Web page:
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From old school to cold school
A tale of three ice cream makers
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Rival ice cream maker - photo by Tom Reed

When we started testing ice cream makers, we initially brushed off the electric Rival ice cream maker, with a drum that churns electrically but requires rock salt to freeze the ice cream. The more modern, frozen-bucket type of ice cream maker, we figured, was newer and better.

Boy, were we wrong.

After about 25 minutes of churning, the old-school rock-salt method produced ready-to-eat, perfect ice cream. The new-fangled frozen-bucket electric model? More like soft serve, which we then had to put in the freezer in order to scoop it.

The verdict? While chipping the ice and sprinkling the rock salt is labor intensive - and best accomplished outside, which unfortunately means dealing with 95-degree heat - less than a half hour later we had ice cream that was ready to go.

Going back in time

  • The maker: White Mountain ice cream freezer
  • The parts: Wooden bucket, metal churning canister, metal churn with wooden tips, hand-crank top
  • How it works: Assemble the churn with the ice cream custard inside the canister. Place it inside the bucket and fit the metal lid on top of it. Fill the bucket with ice and rock salt and start turning and churning.
  • The result: Well, to be honest, we never got that far. It takes about a half hour to freeze the ice cream, but turning the churn is so labor intensive, we started breaking a sweat before five minutes were up. Heck, even on a cold day, this would get pretty boring. If this were 1890 it might make a good activity for the kids while mom's making dinner or scrubbing laundry ... for about 10 minutes.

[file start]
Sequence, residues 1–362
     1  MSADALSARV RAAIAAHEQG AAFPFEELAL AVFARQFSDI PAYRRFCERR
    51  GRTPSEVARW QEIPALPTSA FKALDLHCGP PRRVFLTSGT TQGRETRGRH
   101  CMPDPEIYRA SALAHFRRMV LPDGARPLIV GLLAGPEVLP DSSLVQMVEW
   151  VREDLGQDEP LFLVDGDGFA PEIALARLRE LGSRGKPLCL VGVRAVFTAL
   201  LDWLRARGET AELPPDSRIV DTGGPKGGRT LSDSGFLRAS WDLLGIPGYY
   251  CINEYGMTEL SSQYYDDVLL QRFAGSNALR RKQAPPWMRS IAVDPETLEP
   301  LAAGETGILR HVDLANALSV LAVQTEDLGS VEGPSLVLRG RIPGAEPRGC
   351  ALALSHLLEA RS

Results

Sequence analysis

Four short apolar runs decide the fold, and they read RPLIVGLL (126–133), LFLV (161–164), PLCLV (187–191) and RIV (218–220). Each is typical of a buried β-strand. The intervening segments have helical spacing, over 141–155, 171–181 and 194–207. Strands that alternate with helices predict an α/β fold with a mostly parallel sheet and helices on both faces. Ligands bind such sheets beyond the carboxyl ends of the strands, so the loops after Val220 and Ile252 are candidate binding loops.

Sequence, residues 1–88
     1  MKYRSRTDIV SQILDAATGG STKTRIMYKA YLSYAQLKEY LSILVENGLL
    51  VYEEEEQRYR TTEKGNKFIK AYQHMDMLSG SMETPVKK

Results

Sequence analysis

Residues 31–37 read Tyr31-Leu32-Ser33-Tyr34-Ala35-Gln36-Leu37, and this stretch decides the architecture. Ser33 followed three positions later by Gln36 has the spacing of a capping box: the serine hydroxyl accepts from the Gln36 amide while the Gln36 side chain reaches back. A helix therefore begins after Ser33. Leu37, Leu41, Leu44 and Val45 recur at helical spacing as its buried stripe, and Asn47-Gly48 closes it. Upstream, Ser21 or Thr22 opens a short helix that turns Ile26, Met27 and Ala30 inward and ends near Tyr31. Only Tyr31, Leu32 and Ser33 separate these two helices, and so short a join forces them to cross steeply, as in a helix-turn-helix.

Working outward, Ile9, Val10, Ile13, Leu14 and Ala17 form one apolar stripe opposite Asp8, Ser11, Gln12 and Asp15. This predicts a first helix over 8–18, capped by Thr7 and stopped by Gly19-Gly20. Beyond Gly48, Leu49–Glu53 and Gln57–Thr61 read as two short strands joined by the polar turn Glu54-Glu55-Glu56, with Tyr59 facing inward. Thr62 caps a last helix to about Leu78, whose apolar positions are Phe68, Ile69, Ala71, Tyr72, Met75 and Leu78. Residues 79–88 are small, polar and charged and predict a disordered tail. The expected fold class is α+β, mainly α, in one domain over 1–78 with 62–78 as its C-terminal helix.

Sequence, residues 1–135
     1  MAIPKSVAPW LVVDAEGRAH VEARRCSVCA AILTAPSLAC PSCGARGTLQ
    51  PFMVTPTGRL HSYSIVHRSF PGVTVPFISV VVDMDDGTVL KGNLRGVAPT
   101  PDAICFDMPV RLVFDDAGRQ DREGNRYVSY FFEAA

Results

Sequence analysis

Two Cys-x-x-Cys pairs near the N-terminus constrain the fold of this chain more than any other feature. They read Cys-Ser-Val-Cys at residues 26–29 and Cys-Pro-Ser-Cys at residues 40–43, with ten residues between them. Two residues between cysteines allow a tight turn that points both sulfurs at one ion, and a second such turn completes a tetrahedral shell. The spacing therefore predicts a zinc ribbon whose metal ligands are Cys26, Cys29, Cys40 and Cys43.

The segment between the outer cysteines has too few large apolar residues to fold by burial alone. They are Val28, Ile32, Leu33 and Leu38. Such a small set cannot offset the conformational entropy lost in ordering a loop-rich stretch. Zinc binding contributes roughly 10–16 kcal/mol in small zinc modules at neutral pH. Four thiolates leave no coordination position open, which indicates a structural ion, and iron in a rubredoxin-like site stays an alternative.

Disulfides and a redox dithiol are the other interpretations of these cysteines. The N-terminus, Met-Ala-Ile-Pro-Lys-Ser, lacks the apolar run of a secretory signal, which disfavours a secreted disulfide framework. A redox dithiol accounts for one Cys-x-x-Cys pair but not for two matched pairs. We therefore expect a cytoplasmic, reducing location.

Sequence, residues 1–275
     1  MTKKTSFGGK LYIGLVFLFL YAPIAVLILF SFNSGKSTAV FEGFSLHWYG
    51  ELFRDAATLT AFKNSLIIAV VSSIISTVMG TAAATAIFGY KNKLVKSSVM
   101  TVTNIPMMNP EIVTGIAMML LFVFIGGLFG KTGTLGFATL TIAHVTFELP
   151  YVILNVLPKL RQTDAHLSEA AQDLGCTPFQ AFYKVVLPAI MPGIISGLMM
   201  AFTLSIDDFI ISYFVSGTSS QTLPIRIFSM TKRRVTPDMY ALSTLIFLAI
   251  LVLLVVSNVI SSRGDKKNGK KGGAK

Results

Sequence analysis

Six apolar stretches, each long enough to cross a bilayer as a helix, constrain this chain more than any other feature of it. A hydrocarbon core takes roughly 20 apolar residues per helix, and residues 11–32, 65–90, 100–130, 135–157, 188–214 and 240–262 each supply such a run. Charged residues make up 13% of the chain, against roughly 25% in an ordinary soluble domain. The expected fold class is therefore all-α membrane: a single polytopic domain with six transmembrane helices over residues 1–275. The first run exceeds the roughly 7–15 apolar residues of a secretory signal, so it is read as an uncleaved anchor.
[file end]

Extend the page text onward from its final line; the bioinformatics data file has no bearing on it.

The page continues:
Old-fashioned, with a twist

  • The maker: Rival
  • The parts: Plastic bucket, plastic churn, metal canister and plastic top with electric motor.
  • How it works: Pour the ice cream custard into the metal canister and assemble it in the plastic bucket. Pour ice and rock salt in and plug it in - it tuns on automatically.
  • The result: Ready-to-eat, delicious ice cream. It worked so well, in fact, that we got fancy and made strawberry and chocolate ice cream, too, which in the past didn't work out so well in our frozen-bucket model.

New doesn't mean better

  • The maker: Krups La Glaciere
  • The parts: Metal-lined plastic canister that is frozen, plastic churn, electric motor
  • How it works: Assemble the parts and pour in the custard through a hole in the top
  • The result: Mediocre. Vanilla froze the best in this machine, but it still needed to be put in the freezer after about 25 minutes in the machine to harden. It's simple to make ice cream with this, but the result is an overly simplified version of ice cream.
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